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Barça or Real Madrid: Who will reap the benefits of the loan system?

Suhas Achanta



Header Image by Martin Meissner / Pool / AFP via Getty Images

For quite sometime youngsters of both Barça and Real Madrid have been sent out on loan to seek game time. Gaining experience in some of the top sides across Europe, these players tailor themselves to the requirements of their parent clubs. The ardent fans are always keeping an eye on the loaned players’ progress. But who is benefitting from the loan policy? 

The loan system helps to prepare future stars while simultaneously filtering the cream. In addition to sending players on one or two-year loans, the parent clubs can also install clauses on playing time. However, these parent clubs need to assert a clear sense of responsibility for the player they are loaning out to ensure his development isn’t hampered.

Spain’s two big giants, Barcelona and Real Madrid, have taken significantly different approaches in their loan system, having both multiple examples of footballers who have been benefitted from it, and others who haven’t. But, overall, whose use of loans is being more productive?

Barcelona’s players on loan

Phillipe Coutinho | Bayern Munich
Emerson | Real Betis
Carles Aleñá | Real Betis
Rafinha Alcântara | Celta de Vigo
Marc Cucurella | Getafe CF
Jean-Clair Todibo | Schalke 04
Moussa Wagué | OGC Nice
Juan Miranda | Schalke 04
Oriol Busquets | FC Twente

Real Madrid’s players on loan

Achraf Hakimi | Borussia Dortmund
Martin Ødegaard | Real Sociedad
Dani Ceballos | Arsenal
Sergio Reguilón | Sevilla
Álvaro Odriozola | Bayern Munich
Takefusa Kubo | RCD Mallorca
Óscar Rodriguez | CD Leganés
Jesús Vallejo | Granada CF
Borja Mayoral | Levante UD
Andriy Lunin | Real Oviedo
Alberto Soro | Real Zaragoza
Jorge de Frutos | Rayo Vallecano
Luca Zidane | Racing Santander
Javi Sánchez | Real Valladolid

Evidently, Los Blancos have used the loaning system to its full capacity. By loaning an entire first team’s worth of players, they have ensured that no prospect suffers due to lack of match-time.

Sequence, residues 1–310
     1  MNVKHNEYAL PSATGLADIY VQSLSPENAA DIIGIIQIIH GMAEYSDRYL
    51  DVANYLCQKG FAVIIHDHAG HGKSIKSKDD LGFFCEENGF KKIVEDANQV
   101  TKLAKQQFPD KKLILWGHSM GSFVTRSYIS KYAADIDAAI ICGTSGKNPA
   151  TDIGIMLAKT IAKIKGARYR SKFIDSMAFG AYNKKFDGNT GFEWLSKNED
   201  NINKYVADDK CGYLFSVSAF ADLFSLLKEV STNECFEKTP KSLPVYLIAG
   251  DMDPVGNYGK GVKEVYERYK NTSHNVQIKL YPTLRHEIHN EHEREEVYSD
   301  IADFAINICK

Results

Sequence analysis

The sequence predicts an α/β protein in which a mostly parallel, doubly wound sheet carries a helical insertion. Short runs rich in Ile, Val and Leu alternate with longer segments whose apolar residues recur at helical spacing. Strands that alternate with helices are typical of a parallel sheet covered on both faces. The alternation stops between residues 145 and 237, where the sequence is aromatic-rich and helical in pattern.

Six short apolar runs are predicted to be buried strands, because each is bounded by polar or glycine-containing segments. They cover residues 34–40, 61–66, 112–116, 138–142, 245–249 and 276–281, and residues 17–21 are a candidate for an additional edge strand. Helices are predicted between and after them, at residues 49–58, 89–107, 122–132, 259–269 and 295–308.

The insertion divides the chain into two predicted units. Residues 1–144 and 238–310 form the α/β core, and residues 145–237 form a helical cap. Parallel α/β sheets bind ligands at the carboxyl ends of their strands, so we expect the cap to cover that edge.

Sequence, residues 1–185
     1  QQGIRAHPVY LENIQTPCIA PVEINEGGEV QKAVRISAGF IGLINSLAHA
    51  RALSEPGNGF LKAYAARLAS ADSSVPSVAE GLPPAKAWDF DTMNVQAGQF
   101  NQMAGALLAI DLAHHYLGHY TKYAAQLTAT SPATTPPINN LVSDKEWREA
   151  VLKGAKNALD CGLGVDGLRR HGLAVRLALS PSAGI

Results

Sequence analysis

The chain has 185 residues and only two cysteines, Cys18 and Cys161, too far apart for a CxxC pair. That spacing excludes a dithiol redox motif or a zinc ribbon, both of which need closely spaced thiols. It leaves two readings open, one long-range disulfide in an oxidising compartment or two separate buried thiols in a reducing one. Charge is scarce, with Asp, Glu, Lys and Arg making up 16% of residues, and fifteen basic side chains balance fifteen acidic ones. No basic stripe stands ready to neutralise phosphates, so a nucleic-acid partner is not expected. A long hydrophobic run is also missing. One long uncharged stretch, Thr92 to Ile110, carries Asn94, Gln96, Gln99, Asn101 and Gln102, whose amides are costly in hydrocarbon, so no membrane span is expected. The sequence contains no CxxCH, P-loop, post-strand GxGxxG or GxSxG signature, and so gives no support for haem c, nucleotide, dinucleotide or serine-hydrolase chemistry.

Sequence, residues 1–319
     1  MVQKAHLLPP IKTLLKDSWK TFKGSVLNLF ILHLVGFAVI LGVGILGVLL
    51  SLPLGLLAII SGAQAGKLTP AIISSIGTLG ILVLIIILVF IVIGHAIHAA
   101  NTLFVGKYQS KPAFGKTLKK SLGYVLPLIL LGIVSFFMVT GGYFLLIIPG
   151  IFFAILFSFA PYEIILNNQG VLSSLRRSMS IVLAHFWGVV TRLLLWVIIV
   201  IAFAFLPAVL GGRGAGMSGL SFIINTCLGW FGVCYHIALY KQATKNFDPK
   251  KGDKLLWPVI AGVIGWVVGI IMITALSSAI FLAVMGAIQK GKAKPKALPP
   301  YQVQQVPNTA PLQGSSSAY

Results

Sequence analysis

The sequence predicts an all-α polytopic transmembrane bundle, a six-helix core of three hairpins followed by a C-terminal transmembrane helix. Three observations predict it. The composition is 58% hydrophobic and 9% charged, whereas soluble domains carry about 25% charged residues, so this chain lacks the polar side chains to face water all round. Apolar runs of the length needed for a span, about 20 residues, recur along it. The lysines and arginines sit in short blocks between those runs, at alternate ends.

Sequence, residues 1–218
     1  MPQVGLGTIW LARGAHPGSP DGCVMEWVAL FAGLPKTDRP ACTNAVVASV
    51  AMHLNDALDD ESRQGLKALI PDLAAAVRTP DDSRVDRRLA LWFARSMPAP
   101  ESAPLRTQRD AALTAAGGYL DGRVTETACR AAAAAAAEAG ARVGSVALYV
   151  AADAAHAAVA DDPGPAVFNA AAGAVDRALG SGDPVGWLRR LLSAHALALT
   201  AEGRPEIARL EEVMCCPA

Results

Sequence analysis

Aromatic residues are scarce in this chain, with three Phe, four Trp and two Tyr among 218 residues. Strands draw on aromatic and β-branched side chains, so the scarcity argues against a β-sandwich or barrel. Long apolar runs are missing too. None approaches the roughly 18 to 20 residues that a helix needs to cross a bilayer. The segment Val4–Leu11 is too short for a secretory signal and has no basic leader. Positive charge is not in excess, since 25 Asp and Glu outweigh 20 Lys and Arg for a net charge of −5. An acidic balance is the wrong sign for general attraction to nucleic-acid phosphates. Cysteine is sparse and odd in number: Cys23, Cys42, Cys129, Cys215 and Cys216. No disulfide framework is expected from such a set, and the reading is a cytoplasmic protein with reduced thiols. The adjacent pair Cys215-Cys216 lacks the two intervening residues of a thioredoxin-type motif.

The azulgranas, on the other hand, have stuck to loaning out a selected number of players. They have even loaned players from those positions where there is a clear lack of dimension, like right-back or defence in general.

Real Madrid’s loan army

There’s no denying that most of Real Madrid’s players on loan are having a fruitful time at their clubs. Achraf Hakimi is tearing up the Bundesliga. The Morrocan right-back has established himself as one of the best in his position. He will reportedly return to the Santiago Bernabéu next season and give Dani Carvajal a run for his money for the starting position.

Martin Ødegaard Real Sociedad Barça Real Madrid loan

Real Sociedad, Real Madrid and Martin Ødegaard have all been benefitted by the Norwegian’s loan to the txuri-urdin side | Photo by Imago

Another footballer who has shown massive development is Martin Ødegaard. Since he is at a fellow La Liga club, Real Madrid have kept a close eye on his progress. The Norwegian has gone through a step-by-step loan process. Spending a few years at the Eredivisie before his current spell at Real Sociedad has helped him in gradually transitioning through the intensities.

In addition to Ødegaard, Sergio Reguilón has also displayed his qualities at fellow Spanish outfit Sevilla. While Dani Ceballos’ spell at Arsenal has been hampered by injuries, the Gunners’ enthusiasts are excited to see what he can provide them when the season restarts. Wonderkid Takefusa Kubo is getting regular minutes at Mallorca, often showing a maturity that is beyond his age. Though his spot in Los Blancos’ senior side isn’t immediate, it certainly is guaranteed in the future.

Confusion and chaos for the Catalans